C is a high-level programming language developed by Dennis Ritchie at Bell Labs in the mid 1970s. Although originally designed as a systems programming language, C has proved to be a powerful and flexible language that can be used for a variety of applications, from business programs to engineering. C is a particularly popular language for personal computer programmers because it is relatively small -- it requires less memory than other languages.
C has been used successfully for every type of programming problem imaginable from operating systems to spreadsheets to expert systems - and efficient compilers are available for machines ranging in power from the Apple Macintosh to the Cray supercomputers. The largest measure of C's success seems to be based on purely practical considerations:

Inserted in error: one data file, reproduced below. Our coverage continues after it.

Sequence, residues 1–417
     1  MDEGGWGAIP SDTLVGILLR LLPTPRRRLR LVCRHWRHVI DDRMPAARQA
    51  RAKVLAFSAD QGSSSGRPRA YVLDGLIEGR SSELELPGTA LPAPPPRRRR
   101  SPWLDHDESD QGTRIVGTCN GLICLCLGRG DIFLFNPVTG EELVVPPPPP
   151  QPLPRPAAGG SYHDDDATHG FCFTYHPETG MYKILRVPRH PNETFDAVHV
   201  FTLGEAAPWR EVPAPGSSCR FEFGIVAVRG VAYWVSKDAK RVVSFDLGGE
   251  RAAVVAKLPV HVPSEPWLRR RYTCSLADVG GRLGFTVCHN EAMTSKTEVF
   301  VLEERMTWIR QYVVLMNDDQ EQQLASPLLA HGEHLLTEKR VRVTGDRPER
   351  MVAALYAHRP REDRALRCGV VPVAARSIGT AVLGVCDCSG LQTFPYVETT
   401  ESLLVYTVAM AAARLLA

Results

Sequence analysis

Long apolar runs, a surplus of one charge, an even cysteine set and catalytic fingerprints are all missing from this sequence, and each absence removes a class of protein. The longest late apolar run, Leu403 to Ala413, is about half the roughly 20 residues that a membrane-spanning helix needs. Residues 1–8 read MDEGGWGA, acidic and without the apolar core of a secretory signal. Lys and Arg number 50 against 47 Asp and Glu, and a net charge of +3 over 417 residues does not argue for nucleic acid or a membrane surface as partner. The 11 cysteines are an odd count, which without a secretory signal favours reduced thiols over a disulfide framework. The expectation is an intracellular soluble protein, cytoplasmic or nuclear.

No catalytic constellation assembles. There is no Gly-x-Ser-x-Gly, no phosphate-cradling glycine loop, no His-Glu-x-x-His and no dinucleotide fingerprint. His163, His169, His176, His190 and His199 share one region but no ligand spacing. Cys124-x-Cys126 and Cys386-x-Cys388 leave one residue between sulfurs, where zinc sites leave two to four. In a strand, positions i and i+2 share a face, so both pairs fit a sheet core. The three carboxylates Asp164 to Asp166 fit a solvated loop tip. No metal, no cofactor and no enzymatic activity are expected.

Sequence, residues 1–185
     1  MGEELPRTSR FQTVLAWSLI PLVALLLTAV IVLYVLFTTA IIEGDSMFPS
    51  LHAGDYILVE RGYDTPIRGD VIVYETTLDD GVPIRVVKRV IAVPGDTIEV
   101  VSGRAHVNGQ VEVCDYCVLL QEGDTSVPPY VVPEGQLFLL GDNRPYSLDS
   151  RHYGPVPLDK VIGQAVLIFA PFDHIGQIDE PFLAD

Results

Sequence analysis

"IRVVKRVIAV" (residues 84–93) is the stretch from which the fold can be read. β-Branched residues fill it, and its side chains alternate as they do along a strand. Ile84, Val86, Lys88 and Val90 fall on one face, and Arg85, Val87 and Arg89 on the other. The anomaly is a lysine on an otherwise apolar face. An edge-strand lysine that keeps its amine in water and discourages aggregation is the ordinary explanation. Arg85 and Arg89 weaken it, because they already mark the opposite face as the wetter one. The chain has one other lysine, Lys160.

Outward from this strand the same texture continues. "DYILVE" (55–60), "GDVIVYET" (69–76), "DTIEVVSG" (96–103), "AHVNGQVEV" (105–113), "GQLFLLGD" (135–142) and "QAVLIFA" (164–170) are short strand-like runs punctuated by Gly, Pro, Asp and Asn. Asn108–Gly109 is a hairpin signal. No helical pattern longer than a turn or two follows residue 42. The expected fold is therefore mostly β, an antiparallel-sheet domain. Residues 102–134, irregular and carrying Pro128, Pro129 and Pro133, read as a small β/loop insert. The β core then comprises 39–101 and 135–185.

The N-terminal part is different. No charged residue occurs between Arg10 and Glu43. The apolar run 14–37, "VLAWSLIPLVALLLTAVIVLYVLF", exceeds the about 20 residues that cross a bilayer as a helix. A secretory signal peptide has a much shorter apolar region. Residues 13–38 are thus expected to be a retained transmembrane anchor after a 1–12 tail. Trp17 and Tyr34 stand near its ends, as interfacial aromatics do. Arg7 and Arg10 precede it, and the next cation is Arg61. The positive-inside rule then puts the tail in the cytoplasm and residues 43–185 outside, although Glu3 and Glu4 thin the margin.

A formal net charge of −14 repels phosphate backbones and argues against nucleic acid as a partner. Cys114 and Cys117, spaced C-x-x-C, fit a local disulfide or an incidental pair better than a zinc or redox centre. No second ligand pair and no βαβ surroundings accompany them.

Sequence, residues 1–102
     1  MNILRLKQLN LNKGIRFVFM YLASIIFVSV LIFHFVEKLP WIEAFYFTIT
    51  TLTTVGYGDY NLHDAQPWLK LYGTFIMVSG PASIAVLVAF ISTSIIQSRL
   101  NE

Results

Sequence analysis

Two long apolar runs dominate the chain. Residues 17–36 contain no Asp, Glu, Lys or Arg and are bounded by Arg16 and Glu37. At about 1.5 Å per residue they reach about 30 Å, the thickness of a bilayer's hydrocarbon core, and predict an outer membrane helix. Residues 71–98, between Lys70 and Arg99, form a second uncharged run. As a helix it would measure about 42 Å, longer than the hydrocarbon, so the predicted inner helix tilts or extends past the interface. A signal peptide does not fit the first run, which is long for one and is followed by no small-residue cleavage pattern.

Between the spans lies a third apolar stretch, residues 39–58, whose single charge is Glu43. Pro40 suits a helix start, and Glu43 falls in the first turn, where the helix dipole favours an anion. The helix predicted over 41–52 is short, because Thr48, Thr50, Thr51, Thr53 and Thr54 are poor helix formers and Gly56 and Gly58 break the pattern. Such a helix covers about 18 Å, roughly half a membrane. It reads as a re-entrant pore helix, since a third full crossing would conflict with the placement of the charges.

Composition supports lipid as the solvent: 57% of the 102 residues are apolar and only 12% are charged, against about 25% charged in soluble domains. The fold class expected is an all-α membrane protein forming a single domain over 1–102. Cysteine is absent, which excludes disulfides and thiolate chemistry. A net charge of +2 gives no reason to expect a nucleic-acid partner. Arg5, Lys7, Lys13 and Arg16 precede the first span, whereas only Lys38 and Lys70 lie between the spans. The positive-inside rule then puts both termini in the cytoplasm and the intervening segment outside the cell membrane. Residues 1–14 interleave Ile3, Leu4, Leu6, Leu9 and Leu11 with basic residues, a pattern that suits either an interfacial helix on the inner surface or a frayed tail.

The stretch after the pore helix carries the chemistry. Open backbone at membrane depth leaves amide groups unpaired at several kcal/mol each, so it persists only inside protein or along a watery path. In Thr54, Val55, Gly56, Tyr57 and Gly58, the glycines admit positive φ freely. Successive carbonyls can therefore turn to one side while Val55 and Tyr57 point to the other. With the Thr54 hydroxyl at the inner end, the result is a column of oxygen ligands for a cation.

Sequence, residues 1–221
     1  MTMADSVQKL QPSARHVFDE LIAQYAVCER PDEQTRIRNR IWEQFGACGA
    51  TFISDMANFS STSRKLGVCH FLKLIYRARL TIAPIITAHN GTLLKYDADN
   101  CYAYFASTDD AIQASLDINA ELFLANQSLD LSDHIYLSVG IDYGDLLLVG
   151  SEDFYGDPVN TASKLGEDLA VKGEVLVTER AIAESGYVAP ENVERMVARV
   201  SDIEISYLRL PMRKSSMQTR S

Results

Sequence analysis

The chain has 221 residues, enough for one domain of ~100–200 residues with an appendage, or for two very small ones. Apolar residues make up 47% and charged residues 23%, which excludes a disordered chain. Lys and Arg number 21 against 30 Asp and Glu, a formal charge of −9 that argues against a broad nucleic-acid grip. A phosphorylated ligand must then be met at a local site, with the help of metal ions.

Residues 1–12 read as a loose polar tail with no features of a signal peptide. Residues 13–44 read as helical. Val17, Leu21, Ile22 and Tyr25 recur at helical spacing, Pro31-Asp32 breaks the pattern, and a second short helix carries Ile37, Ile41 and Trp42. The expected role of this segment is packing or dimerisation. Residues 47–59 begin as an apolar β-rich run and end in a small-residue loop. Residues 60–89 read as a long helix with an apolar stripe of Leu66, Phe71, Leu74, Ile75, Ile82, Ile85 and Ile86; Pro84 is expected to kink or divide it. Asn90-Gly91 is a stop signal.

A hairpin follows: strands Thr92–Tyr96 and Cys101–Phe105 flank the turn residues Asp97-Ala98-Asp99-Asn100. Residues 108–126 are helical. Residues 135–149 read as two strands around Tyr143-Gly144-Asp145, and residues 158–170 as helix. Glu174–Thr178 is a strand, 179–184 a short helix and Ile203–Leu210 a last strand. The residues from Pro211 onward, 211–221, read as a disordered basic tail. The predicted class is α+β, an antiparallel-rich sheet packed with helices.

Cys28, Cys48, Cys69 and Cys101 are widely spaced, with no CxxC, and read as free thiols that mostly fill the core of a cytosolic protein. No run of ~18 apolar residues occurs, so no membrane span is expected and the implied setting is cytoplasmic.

C is often called a "Middle Level" programming language. This is not a reflection on its lack of programming power but more a reflection on its capability to access the system's low level functions. Most high-level languages (e.g. Fortran) provides everything the programmer might want to do already built into the language. A low level language (e.g. assembler) provides nothing other than access to the machines basic instruction set. A middle level language, such as C, probably doesn't supply all the constructs found in high-languages - but it provides you with all the building blocks that you will need to produce the results you want!